North Korea: We Asked 9 of the World's Leading Experts What Happens Next

U.S. Secretary of State Mike Pompeo boards his plane at Sunan International Airport in Pyongyang, North Korea, July 7, 2018, to travel to Japan. Andrew Harnik/Pool via REUTERS
July 18, 2018 Topic: Security Region: Asia Blog Brand: The Buzz Tags: North KoreaMilitaryDonald TrumpWorldKim Jong UnNuclear Weapons

North Korea: We Asked 9 of the World's Leading Experts What Happens Next

Is war still possible? Could we convince Kim to give up his nukes? An all-star group of Korea watchers gives us some insights. 


Zhu Feng, Director of the Institute of International Relations at Nanjing University:

U.S. Secretary of State Mike Pompeo’s visit to Pyongyang on July 6-7 is the latest example to show that Kim Jong-un is “not ready yet” to dismantle nuclear weapons. The sharp discrepancy between the two sides in their comments and their viewpoints on conditions is not unexpected at all as North Korea obviously prefers to take denuclearization as a long game to trade for what it wants, such as diplomatic normalization, a security guarantee, lifting of sanctions and financial remedies.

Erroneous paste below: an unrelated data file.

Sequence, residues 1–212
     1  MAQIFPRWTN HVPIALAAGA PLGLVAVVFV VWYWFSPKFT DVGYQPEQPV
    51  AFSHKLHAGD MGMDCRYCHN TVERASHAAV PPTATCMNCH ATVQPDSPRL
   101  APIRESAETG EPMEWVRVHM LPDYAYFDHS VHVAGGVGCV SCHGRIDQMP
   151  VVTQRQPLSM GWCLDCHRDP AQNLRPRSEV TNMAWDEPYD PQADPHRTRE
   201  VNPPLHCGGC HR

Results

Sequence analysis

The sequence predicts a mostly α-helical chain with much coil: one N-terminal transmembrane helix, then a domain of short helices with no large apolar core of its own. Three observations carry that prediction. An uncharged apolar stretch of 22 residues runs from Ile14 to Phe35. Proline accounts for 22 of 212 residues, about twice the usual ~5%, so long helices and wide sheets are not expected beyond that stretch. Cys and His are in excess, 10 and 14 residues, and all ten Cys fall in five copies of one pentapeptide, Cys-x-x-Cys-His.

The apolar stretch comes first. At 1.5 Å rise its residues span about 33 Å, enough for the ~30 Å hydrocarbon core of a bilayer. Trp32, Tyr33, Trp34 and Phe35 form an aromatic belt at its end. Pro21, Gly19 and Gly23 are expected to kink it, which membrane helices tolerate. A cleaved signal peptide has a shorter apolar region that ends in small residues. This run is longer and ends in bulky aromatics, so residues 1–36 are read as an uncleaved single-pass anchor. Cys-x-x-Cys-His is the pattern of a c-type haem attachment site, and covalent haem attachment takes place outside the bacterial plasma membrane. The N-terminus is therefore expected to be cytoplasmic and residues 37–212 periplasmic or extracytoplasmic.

In fact, the Trump-Kim summit meeting at Singapore and their joint statement failed to precisely elaborate on under what conditions and in what order denuclearization could be achieved. In other words, should North Korea’s denuclearization acts precede diplomatic normalization, or should security guarantees from the U.S. come first? More importantly, the Singapore summit did not result in any agreements on a definition of denuclearization.

President Trump must be feeling bitter from his interactions with his counterpart Kim Jung-un. Contrary to his comments, it appears that Pyongyang hasn’t genuinely changed its mindset of holding nuclear weapons while seeking gains by dangling verbal pledges of giving up its nuclear weapons. It’s replaying old tricks we have witnessed more than two decades.

The international community now is at the crossroads on how to act on denuclearization of North Korea. One option is that we can retreat from current diplomatic détente and return to “maximum pressure” and military intimidation. The other option is to maintain diplomatic engagement until the Kim Jong-un regime is almost ready to change its reclusive country as well as changing its nuclear policy.

This definitely means a significant makeover of denuclearization objectives – putting time-lined benchmarks towards denuclearization behind and turning to continuous contact with North Korea and striving to pull North Korea out of its reclusiveness firmly and gradually. Thereby, denuclearization could be insured after real change has taken place with North Korea. Presumably, denuclearization is an outcome of sequential changes with North Korea rather than the precondition which will frame up our policy input. But my question is this: Can this second option conceivably win international consent?